6. Kallergi G, Agelaki S, Markomanolaki H, Georgoulias V, Stournaras C: Activation of FAK/PI3K/Rac1 signaling controls actin reorganization and inhibits cell motility in human cancer cells. Cell Physiol Biochem 2007, 20:977-986.

7. Hatzoglou A, Kampa M, Kogia C, Charalampopoulos I, Theodoropoulos PA, Anezinis P, Dambaki C, Papakonstanti EA, Stathopoulos EN, Stournaras C, Gravanis A, Castanas E: Membrane androgen receptor activation induces apoptotic regression of human prostate cancer cells in vitro and in vivo. J Clin Endocrinol Metab 2005, 90:893-903.

8. Papadopoulou N, Charalampopoulos I, Alevizopoulos K, Gravanis A, Stournaras C: Rho/ROCK/Actin signaling regualtes membrane androgen receptor induced apoptosis in prostate cancer cells. Exp Cell Res 2008, 314:3162-3174.

9. Papadopoulou N, Charalampopoulos I, Anagnostopoulou V, Konstantinidis G, Föller M, Gravanis A, Alevizopoulos K, Lang F, Stournaras C: Membrane androgen receptor activation triggers down-regulation of PI-3K/Akt/NF-kappaB activity and induces apoptotic responses via Bad, FasL and caspase-3 in DU-145 prostate cancer cells. Mol Canc 2008, 7:88.

14. Kampa M, Pelekanou V, Castanas E: Membrane-initiated steroid action in breast and prostate cancer. Steroids 2008, 73(9-10):953-960.

15. Michels G, Hoppe UC: Rapid actions of androgens Front Neuroendocrinol 2008, 29(2):182-198.

16. Foradori CD, Weiser MJ, Handa RJ: Non-genomic actions of androgens. Front Neuroendocrinol 2008, 29(2):169-181.

17. Papadopoulou N, Papakonstanti EA, Kallergi G, Alevizopoulos K, Stournaras C: Membrane androgen receptor activation in prostate and breast tumor cells: Molecular signaling and clinical impact. IUBMB Life 2009, 61(1):56-61.

18. Papakonstanti EA, Kampa M, Castanas E, Stournaras C: A rapid, nongenomic, signaling pathway regulates the actin reorganization induced by activation of membrane testosterone receptors. Mol Endocrinol 2003, 17:870-881.

19. Kampa M, Kogia C, Theodoropoulos PA, Anezinis P, Charalampopoulos I, Papakonstanti EA, Stathopoulos EN, Hatzoglou A, Stournaras C, Gravanis A, Castanas E: Activation of membrane androgen receptors potentiates the antiproliferative effects of paclitaxel on human prostate cancer cells. Mol Cancer Ther 2006, 5:1342-1351.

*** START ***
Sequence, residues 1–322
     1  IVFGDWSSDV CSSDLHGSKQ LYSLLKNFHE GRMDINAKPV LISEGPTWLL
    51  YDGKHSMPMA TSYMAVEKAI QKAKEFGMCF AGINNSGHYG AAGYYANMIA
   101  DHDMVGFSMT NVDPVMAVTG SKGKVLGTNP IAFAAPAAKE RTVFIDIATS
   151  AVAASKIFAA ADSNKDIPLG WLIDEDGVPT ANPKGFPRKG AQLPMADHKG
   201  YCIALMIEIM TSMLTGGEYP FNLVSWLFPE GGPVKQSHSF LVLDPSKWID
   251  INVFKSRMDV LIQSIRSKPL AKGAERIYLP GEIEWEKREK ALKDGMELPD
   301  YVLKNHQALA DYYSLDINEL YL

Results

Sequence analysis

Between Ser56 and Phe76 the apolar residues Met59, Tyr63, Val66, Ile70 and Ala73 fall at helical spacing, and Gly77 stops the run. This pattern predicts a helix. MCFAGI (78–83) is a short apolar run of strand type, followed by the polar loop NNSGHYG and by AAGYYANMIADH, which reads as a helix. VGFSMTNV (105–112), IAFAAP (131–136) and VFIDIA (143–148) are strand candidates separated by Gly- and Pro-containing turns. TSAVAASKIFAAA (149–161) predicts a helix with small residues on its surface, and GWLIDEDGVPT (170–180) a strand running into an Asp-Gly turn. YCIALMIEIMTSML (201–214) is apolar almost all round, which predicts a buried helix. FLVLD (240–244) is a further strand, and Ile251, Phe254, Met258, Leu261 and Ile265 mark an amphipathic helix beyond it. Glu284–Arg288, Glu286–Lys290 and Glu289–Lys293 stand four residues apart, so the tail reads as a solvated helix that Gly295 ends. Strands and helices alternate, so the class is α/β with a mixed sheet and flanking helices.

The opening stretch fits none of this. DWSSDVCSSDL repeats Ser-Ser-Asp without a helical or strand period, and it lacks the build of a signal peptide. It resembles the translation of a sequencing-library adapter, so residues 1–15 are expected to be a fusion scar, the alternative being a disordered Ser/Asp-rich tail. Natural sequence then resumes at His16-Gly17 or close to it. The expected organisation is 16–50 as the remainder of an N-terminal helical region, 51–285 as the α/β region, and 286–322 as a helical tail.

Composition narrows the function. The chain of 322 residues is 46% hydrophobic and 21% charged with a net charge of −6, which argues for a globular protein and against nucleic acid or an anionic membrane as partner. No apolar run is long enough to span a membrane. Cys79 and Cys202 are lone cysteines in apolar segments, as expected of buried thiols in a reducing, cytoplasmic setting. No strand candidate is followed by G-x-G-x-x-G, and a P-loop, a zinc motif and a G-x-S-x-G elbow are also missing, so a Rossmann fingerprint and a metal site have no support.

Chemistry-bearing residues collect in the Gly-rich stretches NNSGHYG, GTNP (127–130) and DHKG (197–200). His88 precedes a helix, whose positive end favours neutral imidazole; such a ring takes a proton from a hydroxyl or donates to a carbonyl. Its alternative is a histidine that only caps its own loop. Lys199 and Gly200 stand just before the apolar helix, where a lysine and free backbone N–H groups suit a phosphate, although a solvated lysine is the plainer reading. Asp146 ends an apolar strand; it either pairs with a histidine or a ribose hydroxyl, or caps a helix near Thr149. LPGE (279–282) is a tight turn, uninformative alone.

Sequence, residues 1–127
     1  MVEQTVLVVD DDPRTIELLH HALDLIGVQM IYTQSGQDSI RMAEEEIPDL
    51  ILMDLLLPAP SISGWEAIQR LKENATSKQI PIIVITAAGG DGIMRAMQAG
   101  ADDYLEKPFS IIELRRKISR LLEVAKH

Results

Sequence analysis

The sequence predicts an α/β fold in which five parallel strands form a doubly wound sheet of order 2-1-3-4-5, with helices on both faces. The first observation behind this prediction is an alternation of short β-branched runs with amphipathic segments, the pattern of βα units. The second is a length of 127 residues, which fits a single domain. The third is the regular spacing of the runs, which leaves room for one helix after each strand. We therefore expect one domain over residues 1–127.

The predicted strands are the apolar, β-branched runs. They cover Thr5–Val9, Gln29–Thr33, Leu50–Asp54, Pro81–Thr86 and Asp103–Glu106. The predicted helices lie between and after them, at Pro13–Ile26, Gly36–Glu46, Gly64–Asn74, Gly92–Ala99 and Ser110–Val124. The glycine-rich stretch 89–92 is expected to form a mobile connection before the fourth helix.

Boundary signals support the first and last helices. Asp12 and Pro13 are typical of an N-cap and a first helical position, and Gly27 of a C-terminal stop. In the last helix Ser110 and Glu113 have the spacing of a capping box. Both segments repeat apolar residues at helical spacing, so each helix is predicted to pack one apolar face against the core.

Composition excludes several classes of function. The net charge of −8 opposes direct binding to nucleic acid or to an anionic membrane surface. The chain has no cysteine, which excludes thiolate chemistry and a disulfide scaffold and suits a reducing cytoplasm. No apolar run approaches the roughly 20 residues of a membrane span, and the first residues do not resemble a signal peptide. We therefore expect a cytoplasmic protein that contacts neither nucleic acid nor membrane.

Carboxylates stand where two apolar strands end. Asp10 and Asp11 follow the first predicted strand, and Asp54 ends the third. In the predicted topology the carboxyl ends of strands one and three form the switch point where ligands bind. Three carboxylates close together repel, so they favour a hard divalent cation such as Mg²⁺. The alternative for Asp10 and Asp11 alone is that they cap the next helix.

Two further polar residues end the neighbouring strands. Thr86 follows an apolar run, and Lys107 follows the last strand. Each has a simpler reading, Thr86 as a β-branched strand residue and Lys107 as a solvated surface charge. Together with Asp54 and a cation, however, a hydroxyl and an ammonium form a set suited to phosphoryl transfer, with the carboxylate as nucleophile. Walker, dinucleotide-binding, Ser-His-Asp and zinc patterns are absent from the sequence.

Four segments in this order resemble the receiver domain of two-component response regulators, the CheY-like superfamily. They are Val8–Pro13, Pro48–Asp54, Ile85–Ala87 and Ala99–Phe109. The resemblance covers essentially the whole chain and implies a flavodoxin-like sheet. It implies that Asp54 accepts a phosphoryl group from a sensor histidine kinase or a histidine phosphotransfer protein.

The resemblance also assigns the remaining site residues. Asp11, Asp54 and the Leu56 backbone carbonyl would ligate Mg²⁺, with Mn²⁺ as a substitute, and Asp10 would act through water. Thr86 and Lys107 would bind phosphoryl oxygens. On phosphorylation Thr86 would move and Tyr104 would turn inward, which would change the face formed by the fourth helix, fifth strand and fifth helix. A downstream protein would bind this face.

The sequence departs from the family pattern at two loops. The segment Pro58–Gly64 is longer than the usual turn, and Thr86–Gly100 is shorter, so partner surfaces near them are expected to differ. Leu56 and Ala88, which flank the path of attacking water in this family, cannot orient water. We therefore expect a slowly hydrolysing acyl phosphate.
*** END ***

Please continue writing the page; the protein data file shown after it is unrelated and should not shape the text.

Anmerkungen

Obwohl Shg als Coautor von Gu et al (2009) genannt wird, stammt keine der Formulierungen dieses Artikels von Shg (vgl. die Anmerkungen zu Quelle:Shg/Gu_et_al_2009).

Ergo: Übernahme von Formulierungen eines Fremdtextes (inkl. aller dort zu findenden Literaturreferenzen) ohne jede Kennzeichnung.

Durch den Vergleich ergibt sich auch (implizit), dass Shg die an dieser Stelle in Gu et al (2009) beschriebenen Untersuchungen als Inhalt ihrer "Diploma thesis" ansieht.

Sichter
(Graf Isolan), SleepyHollow02

[3.] Shg/Fragment 041 01 - Diskussion
Zuletzt bearbeitet: 2014-11-02 13:08:15 Singulus
BauernOpfer, Fragment, Gesichtet, Gu et al 2009, SMWFragment, Schutzlevel sysop, Shg

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Quelle: Gu et al 2009
Seite(n): 2, 4, Zeilen: 2: re.Sp. 9-24, 28-36; 4: re.Sp. 7-12
3.2 Methods

3.2.1. Cell culture

The Caco2 human colon cancer cell lines and IEC06 non transformed intestinal cells were obtained from the American Type Culture Collection (Manassas, VA) and were studied between passages 60 and 70. CACO2 at 20,000/ml were cultured in DEME medium supplemented with 20% fetal bovine serum in culture flasks in a CO2 incubator at 37°C. Based on previous titration experiments [Gu et al., 2009] we have used throughout this study a 10-7 M testosterone-HAS concentration for mAR stimulation.